“People are able to give what they can afford. That’s all you can really ask.”
Brooks said you never know who’s going to need help.
“Could be your next-door neighbor. Could be your brother,” he said.
Brooks said the pantry has experienced about a $10,000 dip in federal funding, which doesn’t count the year the pantry was skipped completely. Due to increased demand and decreases in stock, the pantry may change how often it gives out food to each family.
“We’re talking about going to every 90 days instead of every 60 days,” Brooks said. “We don’t want to, but it may become reality that we have to do that to stay open.”
A short way up the street, Carol Olson at the St. James Food Pantry echoes a similar uncertainty when it comes to supplying the needs of the community. But she also said “God provides.”
“It may be a week before, and you wonder, ‘Where are we going to get this food?’ And it shows up in all kinds of ways from different places.”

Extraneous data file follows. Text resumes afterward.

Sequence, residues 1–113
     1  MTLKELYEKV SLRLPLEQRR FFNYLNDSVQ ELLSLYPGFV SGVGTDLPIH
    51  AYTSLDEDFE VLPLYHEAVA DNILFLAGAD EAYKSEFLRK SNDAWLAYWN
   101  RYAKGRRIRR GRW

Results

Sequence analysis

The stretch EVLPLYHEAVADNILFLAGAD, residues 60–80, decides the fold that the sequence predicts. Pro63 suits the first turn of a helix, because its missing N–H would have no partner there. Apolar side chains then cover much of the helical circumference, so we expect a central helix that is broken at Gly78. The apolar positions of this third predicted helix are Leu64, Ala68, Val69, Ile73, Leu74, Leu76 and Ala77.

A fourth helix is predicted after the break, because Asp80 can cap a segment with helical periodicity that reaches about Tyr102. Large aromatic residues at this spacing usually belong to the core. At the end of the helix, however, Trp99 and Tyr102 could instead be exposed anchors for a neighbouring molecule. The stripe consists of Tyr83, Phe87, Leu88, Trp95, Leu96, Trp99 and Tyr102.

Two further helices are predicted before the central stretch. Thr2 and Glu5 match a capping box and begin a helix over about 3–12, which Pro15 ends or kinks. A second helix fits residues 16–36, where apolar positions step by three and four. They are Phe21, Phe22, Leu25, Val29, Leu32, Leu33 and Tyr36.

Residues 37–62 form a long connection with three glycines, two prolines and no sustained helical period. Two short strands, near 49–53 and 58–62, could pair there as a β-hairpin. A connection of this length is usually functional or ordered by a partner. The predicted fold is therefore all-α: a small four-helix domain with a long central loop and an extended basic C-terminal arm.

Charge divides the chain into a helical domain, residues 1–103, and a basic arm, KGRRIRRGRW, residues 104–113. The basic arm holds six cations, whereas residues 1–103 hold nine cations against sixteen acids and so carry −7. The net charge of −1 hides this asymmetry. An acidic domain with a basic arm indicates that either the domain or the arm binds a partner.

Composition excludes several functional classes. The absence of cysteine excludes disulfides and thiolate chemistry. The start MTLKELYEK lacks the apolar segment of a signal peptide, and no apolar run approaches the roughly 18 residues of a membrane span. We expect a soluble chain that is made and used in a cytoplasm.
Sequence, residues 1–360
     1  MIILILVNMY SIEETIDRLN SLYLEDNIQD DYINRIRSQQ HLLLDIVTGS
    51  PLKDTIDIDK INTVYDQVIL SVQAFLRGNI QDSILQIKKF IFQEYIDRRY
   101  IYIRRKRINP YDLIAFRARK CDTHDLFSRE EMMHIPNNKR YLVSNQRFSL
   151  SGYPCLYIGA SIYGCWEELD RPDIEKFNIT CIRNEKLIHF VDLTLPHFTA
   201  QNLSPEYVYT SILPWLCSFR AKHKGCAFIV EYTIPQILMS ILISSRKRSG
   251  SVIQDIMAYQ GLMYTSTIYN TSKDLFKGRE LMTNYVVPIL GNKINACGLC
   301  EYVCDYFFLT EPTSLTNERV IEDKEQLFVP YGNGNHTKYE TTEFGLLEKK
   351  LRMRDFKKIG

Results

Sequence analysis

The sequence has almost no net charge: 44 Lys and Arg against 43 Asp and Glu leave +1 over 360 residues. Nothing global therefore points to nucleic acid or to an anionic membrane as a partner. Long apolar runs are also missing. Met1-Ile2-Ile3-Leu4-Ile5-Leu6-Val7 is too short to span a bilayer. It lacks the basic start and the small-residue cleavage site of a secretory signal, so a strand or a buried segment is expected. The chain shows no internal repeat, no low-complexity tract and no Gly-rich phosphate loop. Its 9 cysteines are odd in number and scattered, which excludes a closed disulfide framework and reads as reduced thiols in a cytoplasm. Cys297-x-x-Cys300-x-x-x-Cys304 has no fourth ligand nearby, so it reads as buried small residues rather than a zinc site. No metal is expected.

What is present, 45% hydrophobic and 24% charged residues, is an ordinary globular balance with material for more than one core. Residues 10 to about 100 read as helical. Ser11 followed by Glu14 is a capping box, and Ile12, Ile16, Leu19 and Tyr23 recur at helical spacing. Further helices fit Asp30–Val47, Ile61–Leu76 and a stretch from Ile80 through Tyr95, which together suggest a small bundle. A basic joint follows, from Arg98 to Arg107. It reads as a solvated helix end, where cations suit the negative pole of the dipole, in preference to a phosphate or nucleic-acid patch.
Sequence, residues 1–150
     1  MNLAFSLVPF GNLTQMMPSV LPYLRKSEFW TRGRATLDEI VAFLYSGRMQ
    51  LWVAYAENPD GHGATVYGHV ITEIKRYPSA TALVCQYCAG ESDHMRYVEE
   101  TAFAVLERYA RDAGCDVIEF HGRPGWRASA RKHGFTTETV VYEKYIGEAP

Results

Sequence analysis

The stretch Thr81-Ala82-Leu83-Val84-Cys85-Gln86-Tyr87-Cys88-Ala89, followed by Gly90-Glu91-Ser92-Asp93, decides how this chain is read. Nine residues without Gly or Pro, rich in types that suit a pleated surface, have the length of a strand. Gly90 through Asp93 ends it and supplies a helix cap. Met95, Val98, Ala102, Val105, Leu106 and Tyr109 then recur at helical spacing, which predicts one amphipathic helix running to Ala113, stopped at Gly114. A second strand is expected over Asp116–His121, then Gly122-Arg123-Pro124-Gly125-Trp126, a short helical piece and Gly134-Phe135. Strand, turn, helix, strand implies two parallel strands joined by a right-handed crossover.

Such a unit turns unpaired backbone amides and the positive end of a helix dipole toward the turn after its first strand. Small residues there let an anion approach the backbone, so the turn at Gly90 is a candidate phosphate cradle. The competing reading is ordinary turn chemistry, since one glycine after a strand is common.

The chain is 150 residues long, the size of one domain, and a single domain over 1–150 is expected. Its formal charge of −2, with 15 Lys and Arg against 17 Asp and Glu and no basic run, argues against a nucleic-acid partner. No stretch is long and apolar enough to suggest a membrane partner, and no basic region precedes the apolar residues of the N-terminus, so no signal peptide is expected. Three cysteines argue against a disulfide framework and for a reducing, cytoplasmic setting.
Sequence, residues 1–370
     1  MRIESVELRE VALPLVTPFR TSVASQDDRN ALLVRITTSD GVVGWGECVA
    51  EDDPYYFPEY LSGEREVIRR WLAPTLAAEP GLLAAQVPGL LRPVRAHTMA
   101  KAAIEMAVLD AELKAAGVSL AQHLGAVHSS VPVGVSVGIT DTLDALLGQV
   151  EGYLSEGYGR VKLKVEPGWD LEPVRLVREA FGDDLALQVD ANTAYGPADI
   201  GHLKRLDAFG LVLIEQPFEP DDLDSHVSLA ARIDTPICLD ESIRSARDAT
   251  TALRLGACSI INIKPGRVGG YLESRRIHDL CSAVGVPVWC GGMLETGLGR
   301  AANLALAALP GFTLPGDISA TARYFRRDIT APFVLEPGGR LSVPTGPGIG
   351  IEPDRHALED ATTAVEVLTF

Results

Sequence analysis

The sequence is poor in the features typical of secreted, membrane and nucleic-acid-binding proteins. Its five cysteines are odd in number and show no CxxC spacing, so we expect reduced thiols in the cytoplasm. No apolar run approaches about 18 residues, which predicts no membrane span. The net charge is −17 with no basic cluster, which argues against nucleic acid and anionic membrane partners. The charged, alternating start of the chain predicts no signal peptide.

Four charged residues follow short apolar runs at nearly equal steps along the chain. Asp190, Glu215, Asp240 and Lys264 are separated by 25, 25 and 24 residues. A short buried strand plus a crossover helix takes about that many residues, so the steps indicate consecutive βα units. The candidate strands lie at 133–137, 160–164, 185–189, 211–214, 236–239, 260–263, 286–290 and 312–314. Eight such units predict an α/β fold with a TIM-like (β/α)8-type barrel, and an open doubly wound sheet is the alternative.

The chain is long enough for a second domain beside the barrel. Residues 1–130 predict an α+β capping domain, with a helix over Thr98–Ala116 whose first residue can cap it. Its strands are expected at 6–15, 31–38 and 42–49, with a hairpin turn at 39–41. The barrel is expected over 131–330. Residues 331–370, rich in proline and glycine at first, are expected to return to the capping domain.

The pantry is housed in the St. James United Methodist Church; however, Olson said the pantry is really becoming a community effort. The pantry receives help from other churches, youth groups and high schools.
Much of St. James’ food comes from the Eastern Illinois Food Bank in Urbana and the Midwest Food Bank in Bloomington.
Access to the food banks allows St. James pantry to provide watermelon, grapes, tomatoes and other produce, among other things.
The St. James and the Danville Area food pantries also both work with County Market.
“The manager (of County Market) will call if he sees a special buy. With the price of food going up, it’s important to have them as a partner more than ever,” Brooks said.